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The Battalion

The Student News Site of Texas A&M University - College Station

The Battalion

The Student News Site of Texas A&M University - College Station

The Battalion

Sophomore LHP Shane Sdao (38) reacts after a strikeout during Texas A&Ms game against Texas at Disch-Falk Field on Tuesday, March 5, 2024. (CJ Smith/The Battalion)
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Junior Mary Stoiana reacts during Texas A&M’s match against Oklahoma at the NCAA Women’s Tennis Regional at Mitchell Tennis Center on Sunday, May 5, 2024. (CJ Smith/The Battalion)
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Kennedy White, 19, sits for a portrait in the sweats she wore the night of her alleged assault inside the Y.M.C.A building that holds Texas A&M’s Title IX offices in College Station, Texas on Feb. 16, 2024 (Ishika Samant/The Battalion).
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Farewell from the graduating Battalion staff of 2024
Farewell from the graduating Battalion staff of 2024
The BattalionMay 4, 2024

Maximizing productivity during the pandemic

Opinion+Writer+Jorge+Oliva+provides+tips+on+ways+to+stay+productive+while+working+remotely.
Creative Commons

Opinion Writer Jorge Oliva provides tips on ways to stay productive while working remotely.

Adaptability is one of the most important traits to have when one reaches adulthood. As young adults, we face the issue of developing adaptability on a more micro-level. But whether it’s moving to a new city or starting a new job, we never expected having to adapt to a pandemic. This once-in-a-century event has forced us to have a new outlook on life and find new ways to stay productive.
Living in a fast-paced, collegiate environment, one creates habits that bring comfort and motivate us to move forward. We all started with a schedule that worked for us, such as waking up early for a run or only making our favorite breakfast. The problem is, we associate these things with being on schedule and on-the-go, so we categorize them as a burden. So when it came to the transition of working remotely, many people decided to neglect these practices. However, then we all realized the efficiency of creating a set routine. Doing things we enjoy is extremely important to our mental health and motivation. Exploring new hobbies and learning new skills are forms of art and personal development.
We all have developed preferences we consider vital for efficiency. Whether it’s going to our favorite study spot on campus (fifth floor on Evans – best floor), working at our favorite coffee shop, or simply studying at home. Some of us don’t have the option to visit our favorite spots anymore, so we should try to pinpoint and recreate what we enjoy the most from them. Maybe try to find a quiet place in our house or attempt to recreate our favorite coffee order at home to find that similarity in the environment. For those who already worked from home before this pandemic – well, you’re lucky. These small behavioral changes reinforce the positive memories we correlate with efficiency and comfort, so adapting and recreating these little things at home can benefit us tremendously.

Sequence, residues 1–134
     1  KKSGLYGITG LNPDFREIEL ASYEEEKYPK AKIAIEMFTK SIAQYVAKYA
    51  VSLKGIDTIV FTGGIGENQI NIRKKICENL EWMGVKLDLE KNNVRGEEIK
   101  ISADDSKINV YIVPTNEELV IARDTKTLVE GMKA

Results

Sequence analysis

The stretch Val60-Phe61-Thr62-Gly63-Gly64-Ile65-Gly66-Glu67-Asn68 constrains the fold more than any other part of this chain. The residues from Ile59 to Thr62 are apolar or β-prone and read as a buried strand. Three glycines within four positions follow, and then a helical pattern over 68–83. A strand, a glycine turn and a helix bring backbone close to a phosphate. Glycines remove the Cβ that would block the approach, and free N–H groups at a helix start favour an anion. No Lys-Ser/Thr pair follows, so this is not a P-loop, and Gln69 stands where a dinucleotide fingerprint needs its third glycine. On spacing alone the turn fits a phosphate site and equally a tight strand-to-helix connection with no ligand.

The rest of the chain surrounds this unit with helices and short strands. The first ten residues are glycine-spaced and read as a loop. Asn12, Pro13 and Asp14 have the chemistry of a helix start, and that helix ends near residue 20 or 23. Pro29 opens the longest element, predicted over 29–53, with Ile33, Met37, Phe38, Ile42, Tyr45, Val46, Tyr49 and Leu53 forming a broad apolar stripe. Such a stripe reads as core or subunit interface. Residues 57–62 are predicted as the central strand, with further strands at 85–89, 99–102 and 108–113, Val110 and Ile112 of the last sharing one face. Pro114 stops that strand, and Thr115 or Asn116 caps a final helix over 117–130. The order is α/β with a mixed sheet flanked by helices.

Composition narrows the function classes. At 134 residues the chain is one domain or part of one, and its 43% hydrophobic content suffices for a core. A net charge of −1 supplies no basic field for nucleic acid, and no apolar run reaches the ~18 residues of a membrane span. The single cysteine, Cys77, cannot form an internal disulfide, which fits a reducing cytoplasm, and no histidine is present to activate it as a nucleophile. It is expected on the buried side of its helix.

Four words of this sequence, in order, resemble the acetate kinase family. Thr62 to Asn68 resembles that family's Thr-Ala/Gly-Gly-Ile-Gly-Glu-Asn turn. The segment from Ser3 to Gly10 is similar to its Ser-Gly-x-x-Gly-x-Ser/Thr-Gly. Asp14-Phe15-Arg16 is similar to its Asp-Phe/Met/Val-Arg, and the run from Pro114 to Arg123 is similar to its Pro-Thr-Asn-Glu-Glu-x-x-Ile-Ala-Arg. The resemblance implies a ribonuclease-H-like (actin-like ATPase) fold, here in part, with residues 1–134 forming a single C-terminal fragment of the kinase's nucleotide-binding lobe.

Also, we cannot ignore the change in our mobility. Our activity levels differ significantly, but we share one thing: setting time aside to commute to our destination. Catching the bus on time, walking to class or driving to work, we all use bursts of energy to do these small things. The virus paused those activities. With the volatility of the pandemic, uncertainty is something we face every day and it causes stress. Aerobic exercise can reduce anxiety by releasing dopamine and serotonin; these chemicals play an essential role in regulating our mood. We should take control of what we can and take care of our minds and bodies. It doesn’t matter if you were a gym rat or a couch potato before the pandemic. We all had a decrease in activity. Therefore, we should add a little extra movement to our daily routine to maintain our physical and mental health.
Apart from being efficient and using our time wisely for work-related activities. We cannot forget about boredom – our biggest self-proclaimed battle. Boredom works differently for us all. Some know what to do with spare time, and others feel stuck. Exploring new hobbies and skills is a form of personal development. Great ideas are brought to us when we least expect it. By exposing yourself to something new, we increase the chances of learning something. Because of our cultural attachment to our phones, we seek to solve our boredom by rapid and diverse stimuli from the Internet. We do not allow ourselves to wonder about the unknown and this affects our creativity. By being conscious of distracting and fruitless barriers, we should set them aside and focus on discovering something organically. We should see boredom as a weapon and use it to our advantage to learn and create new things.
To those struggling during these uncertain times, it is valid to feel overwhelmed. The best we can do is adapt to the rapid changes during this pandemic and be kind to ourselves. These external factors and isolation are changing us, and I’d like to think that everything happens for a reason. Despite the circumstances, we need to use this time to our advantage and do things we didn’t have time to do before. Things will get better. Focusing on our health, productivity and ourselves overall is what we can do right now.
Jorge Oliva is a communication senior and opinion writer for The Battalion.

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